Polaris Industries, a manufacturer and distributor of recreational off-road vehicles, has agreed to pay a $27.25 million civil penalty for failing to immediately report to the United States Consumer Product Safety Commission (CPSC) defects in its off-road vehicles, also known as off-highway vehicles (OHVs). CPSC determined that the defects could cause an unreasonable risk of serious personal injury or death to recreational vehicle drivers and passengers. According to the CPSC, which is tasked with protecting the public from unreasonable risks of injury or death associated with consumer product use, injuries, death, and property damage from consumer product incidents cost the United States over $1 trillion each year. Aside from monetary damage, as Providence personal injury lawyers, Tapalian Law knows that serious personal injury and death caused by one of these incidents has life-long enduring effects on the injured and their family.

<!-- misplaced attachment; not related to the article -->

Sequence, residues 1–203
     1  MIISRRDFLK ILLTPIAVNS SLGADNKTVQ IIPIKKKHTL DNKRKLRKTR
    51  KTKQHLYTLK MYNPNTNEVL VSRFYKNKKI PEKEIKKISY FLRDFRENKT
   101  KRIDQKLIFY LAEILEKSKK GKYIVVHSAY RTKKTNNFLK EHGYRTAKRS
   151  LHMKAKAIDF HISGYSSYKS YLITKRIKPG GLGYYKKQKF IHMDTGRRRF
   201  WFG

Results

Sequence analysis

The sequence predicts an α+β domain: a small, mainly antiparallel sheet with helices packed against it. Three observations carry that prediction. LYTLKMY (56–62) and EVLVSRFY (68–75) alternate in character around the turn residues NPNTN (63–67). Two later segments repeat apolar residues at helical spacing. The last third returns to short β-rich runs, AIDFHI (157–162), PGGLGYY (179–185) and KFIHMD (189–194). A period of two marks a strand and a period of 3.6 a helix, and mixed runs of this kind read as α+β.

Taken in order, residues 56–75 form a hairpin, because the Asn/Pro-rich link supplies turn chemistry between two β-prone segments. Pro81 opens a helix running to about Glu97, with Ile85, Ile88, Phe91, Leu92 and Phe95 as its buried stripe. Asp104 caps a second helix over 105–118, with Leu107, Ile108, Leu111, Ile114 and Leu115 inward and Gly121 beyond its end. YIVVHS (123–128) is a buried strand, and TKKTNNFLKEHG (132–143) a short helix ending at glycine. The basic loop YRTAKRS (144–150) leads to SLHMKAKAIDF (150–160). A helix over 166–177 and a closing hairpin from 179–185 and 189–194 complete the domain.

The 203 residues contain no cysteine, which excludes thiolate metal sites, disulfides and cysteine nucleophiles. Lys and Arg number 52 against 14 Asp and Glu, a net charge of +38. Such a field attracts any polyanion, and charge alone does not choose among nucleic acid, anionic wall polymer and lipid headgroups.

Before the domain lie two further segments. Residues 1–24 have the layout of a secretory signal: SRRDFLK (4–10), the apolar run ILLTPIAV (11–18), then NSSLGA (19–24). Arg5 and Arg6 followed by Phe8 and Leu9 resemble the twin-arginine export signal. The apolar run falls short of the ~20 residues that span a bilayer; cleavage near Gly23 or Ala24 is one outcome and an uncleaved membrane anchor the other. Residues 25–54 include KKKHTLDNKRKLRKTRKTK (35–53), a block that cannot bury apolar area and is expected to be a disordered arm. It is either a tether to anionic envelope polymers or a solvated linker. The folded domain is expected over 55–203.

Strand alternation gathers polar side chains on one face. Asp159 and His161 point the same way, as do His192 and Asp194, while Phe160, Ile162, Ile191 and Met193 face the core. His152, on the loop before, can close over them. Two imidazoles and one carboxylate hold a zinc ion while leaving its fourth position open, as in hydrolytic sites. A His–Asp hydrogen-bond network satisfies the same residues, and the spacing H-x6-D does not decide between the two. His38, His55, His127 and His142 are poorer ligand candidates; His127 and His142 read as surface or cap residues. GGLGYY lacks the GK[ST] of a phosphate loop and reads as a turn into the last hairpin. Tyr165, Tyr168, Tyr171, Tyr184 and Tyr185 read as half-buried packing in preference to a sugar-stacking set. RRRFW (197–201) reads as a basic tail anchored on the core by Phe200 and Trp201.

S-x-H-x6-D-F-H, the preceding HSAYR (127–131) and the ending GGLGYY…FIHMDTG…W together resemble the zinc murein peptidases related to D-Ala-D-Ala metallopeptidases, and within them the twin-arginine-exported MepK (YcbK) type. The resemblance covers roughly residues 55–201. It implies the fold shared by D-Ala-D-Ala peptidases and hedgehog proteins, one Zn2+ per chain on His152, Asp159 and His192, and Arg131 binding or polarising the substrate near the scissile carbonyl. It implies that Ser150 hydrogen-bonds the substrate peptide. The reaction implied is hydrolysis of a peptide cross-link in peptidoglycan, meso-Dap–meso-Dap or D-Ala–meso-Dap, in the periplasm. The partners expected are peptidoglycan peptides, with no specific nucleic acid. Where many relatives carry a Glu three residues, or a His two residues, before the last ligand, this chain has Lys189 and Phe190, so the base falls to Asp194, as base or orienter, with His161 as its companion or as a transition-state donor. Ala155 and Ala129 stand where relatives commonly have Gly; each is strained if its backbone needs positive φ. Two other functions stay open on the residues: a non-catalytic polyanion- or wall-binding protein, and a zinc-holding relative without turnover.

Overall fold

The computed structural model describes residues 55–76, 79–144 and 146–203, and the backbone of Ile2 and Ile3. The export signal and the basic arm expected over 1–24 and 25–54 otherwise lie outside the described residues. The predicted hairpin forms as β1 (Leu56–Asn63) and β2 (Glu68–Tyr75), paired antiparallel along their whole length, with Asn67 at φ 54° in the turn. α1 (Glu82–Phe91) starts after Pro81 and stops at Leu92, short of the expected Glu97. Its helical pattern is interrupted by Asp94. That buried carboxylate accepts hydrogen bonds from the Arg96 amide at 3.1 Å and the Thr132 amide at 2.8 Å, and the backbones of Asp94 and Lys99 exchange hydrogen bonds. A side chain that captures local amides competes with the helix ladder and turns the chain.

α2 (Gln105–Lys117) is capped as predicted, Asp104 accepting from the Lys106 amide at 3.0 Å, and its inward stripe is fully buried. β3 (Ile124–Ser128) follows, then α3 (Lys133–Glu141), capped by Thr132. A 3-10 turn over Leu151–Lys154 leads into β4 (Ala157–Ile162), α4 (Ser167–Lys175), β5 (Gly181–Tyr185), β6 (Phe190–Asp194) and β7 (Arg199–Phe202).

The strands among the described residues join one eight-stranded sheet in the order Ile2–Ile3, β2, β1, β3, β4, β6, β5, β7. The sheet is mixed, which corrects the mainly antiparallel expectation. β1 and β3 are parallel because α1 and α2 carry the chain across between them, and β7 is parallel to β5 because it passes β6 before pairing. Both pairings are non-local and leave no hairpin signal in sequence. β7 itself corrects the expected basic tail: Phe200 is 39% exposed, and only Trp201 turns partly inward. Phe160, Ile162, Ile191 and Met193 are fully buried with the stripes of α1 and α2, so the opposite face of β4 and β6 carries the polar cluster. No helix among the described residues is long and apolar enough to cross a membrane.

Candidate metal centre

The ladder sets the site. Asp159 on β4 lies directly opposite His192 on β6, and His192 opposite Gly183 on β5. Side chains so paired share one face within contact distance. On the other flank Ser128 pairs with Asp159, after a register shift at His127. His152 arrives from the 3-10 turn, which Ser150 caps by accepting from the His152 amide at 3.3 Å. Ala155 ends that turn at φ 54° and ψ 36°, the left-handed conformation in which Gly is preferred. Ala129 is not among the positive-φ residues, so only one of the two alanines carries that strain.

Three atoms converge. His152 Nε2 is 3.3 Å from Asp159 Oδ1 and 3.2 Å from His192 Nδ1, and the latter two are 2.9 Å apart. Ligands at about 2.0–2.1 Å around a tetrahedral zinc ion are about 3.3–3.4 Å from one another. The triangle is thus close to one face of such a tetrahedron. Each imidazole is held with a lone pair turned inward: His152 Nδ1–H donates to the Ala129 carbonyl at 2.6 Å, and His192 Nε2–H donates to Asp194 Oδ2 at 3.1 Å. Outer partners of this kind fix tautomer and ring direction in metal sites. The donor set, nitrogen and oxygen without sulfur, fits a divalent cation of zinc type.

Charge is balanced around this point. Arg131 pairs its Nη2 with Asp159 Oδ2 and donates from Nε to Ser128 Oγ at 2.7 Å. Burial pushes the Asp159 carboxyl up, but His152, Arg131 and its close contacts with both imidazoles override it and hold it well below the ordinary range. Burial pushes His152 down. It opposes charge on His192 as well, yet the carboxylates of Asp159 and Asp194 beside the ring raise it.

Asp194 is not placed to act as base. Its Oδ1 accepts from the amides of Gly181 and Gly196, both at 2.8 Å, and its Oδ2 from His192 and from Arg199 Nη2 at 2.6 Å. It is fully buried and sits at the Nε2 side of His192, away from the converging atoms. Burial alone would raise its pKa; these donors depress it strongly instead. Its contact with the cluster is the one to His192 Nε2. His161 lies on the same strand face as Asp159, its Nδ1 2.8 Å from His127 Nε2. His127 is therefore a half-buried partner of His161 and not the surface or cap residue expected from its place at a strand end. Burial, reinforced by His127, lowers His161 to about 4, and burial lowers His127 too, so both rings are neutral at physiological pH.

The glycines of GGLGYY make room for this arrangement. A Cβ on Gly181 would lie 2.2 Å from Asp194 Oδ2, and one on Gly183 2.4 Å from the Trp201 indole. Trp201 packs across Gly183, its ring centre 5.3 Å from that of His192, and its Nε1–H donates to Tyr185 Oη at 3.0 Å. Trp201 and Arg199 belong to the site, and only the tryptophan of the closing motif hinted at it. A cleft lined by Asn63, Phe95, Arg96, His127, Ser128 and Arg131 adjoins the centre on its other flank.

Reason for the $27.25 Million Civil Penalty
A civil penalty is defined as a financial penalty imposed by a government agency as restitution for wrongdoing. The civil penalty the CPSC sought against Polaris resolved the violations concerning the RZR and Ranger ROV. CPSC agreed not to seek civil penalties for failure to report hazards or defects in vehicles that Polaris had reported to CPSC by June 29, 2017. Polaris also agreed to sustain an amped up compliance program to ensure future compliance with the Consumer Product Safety Act as well as internal controls to ensure any future incidents are dealt with in a timely manner. By Polaris settling this matter, it does not mean they admit to all of the CPSC charges.